Dev (Azizi Ansari) isn’t the main character in the third spinoff season of Master of None: Moments of Love. Instead, Ansari’s on the director’s chair, capturing scenes in the life of Alicia (Naomi Ackie). She’s the wife of Dev’s best friend Denise (Lena Waithe, co-writing the season with Ansari). Nonetheless, Dev’s occasional appearance in their lives still affects them. Alicia and Denise host Dev and his girlfriend Rashmi for a dinner and drinks. This eventually leads to Dev directing an outburst on Rashmi. Such an outburst can bring two reactions. The first is how Denise and I would react, that there’s no way she would end up like her childhood friend. Denise’s confidence in her relationship with Alicia reminds me of that adage about what happens when people make plans.
The second is Alicia’s reaction, that one can easily hate the person they love. Alicia makes for an unconventional protagonist just because of her tenuous connection to Dev. But that in itself is a comment on how tenuous everyone’s relationships are. Here, soulmates separate, grandparents die, like they do in real life. Other tenuous relationships include the ones between parents and their adult children. By the way, this is something that the show explored during the first season. This time around it shows Denise talk to her mother (Angela Bassett) over the phone. Alicia would do the same to her own mom. And that distance hurts especially as Alicia makes multiple attempts to be a mother, a challenging feat for a lesbian in her mid 30s.
There’s something fascinating in the way Ansari’s camera shoots these characters during these tribulations but that’s especially true for Alicia. As a reminder, Ackie has one of those unique faces and presences. Ackie’s few scenes in Small Axe made viewers demand that they pay attention to her. But during earlier episodes, doesn’t get a close-up, which reflects her feeling that Denise only uses her as a prop.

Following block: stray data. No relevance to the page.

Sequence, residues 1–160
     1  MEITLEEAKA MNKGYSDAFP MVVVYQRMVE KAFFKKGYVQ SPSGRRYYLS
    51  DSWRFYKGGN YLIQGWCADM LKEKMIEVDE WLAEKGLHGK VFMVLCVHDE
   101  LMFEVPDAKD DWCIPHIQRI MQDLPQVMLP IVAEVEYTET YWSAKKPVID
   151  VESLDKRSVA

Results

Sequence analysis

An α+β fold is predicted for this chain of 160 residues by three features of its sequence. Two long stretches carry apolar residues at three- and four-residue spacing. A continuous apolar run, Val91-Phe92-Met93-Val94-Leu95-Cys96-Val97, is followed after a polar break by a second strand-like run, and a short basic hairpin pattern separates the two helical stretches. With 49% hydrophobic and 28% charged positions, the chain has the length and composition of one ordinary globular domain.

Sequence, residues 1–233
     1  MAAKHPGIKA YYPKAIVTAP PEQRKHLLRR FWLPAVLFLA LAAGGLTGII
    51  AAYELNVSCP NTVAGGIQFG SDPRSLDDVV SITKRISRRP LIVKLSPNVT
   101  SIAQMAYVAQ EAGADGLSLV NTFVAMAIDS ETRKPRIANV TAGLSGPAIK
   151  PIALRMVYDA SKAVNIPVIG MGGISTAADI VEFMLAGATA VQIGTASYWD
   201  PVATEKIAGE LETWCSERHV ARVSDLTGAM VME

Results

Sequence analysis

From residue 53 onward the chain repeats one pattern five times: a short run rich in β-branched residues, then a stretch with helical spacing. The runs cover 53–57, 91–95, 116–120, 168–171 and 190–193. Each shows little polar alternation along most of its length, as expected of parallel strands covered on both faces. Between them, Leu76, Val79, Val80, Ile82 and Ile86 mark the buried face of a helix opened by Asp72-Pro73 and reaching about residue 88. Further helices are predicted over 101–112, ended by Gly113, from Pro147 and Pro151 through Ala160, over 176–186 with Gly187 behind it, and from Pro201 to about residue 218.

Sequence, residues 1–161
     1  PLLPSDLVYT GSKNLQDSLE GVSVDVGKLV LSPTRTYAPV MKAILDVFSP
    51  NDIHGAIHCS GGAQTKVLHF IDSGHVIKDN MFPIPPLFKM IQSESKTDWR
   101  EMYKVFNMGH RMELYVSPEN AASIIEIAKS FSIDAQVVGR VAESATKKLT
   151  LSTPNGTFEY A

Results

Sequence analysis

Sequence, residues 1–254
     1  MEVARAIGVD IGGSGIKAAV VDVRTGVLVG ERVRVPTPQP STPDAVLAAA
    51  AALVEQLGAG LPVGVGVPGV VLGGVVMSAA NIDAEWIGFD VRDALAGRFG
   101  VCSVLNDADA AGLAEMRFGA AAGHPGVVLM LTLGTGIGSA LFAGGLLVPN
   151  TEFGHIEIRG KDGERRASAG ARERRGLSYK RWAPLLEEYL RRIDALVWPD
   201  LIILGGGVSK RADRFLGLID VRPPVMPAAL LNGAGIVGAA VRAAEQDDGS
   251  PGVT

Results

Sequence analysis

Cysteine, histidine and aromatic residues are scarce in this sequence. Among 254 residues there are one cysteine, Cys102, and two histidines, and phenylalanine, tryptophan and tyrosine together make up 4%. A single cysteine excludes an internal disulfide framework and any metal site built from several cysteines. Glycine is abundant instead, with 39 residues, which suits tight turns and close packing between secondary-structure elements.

The same goes for the rest of the series where she tries again and again to be a biological mother. The only close-ups she get are during her sit-ins with a doctor and when they’re inserting her with her fertilized embryos. Ackie is a beautiful woman like most actresses are but her lack of vanity during those scenes evoke the same qualities Bette Davis and Jessica Lange.
Maybe it’s my lack of imagination, but those comparisons made me wonder why I didn’t think of Cicely Tyson. Of why viewers will always compare Black women and people of color in general have little choices in visual media. That we inevitably follow the footsteps of white people, all of whom find themselves under the trap of the white male gaze. The whole season as a reference to Scenes of a Marriage and Bergman’s own mirror-like spin on the white male gaze. That feels like part of that trap even if yes, the construction of that trap is beautiful.
The season takes us to those journeys and its depressing valleys but it knows how to bring levity in surprising ways. Alicia and Denise eventually divorce and cheat on their second spouses with each other. Denise celebrates that affair with a gift that goes wrong, and that wrong takes place offscreen. But there’s such an intimacy to the scene that it feels like the viewers are in the same room as they are. That adage about making plans applies to the big ones and the small ones too. And the fact that the season ends with the smallest curveball reinforces and echoes an intimacy. One that the whole show has been bringing for years.